But before farmers can capitalize on the value of collected data, they first need to understand how and why they collect it. Wilson has been logging data on his farm since 2001 and developing accurate, historical records can minimize limiting factors of production — but only if it’s valid.
Properly calibrated yield monitors is the foundation for collecting accurate data, Wilson says, but a process that is still underutilized.
“Uncalibrated data might as well be left on the field,” he says. “If you are not collecting calibrated yield data, you’ve just left the most valuable resource on that field that we’ll never have a chance to pick it back up.”
Accurate data can also be used to track yield variability and compare the productivity of different seed hybrids. Wilson crunched the numbers in 2016 for two different corn varieties planted on his family farm.
Split planting a field, they evenly planted two different varieties of corn seed — one being a new variety and the other a hybrid that had produced consistent yields for the last 2 years. Analyzing the results after harvest, Wilson says the new variety didn’t meet expectations, yielding on average 20 bushels lower than the established hybrid.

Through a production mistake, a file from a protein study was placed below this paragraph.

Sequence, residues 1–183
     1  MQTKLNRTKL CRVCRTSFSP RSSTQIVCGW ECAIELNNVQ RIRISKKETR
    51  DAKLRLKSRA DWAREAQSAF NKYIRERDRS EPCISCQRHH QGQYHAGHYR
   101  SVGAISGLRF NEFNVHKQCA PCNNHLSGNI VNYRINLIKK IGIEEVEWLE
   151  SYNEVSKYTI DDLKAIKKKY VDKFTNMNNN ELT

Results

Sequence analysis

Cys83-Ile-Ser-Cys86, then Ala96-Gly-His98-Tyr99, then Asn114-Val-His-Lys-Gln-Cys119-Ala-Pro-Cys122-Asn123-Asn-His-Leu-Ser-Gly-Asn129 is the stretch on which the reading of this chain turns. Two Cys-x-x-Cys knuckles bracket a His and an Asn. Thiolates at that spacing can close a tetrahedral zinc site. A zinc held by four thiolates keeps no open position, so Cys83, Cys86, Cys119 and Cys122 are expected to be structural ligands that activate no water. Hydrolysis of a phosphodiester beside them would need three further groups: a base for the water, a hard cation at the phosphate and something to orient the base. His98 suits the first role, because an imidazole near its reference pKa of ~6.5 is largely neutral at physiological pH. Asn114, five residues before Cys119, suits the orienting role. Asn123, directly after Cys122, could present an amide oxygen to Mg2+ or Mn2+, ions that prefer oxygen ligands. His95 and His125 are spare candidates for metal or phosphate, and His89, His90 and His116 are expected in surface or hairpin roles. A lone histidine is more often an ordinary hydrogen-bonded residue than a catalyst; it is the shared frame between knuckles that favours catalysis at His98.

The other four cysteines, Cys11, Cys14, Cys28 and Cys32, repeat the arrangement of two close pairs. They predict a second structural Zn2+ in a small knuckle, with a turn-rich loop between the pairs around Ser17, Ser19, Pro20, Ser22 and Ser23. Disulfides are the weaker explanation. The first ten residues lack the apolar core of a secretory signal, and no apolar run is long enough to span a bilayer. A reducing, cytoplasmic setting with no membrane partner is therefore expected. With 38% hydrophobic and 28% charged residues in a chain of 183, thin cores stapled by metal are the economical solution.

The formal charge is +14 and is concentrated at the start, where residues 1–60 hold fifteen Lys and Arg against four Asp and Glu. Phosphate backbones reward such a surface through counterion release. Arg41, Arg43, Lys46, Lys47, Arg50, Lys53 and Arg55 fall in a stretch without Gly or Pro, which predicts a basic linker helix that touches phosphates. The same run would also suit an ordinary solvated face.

“We didn’t see it coming and based on our soil types, we expected the opposite results of what we ended up with,” Wilson says. “But our analysis showed us that this new variety wasn’t right for our fields, and we need to plan accordingly with what we select for the following year.”
One final takeaway from Wilson was that accurate data could have long-term benefits that no-tillers may not even be thinking about today. Having documented results of yields, soil health and field-test results will likely aid in increasing land value.
“I’m already building 10-12 years of rock solid data that I can document what that productivity is to anyone who wants to purchase land I may have for sale, so I don’t have to guess.”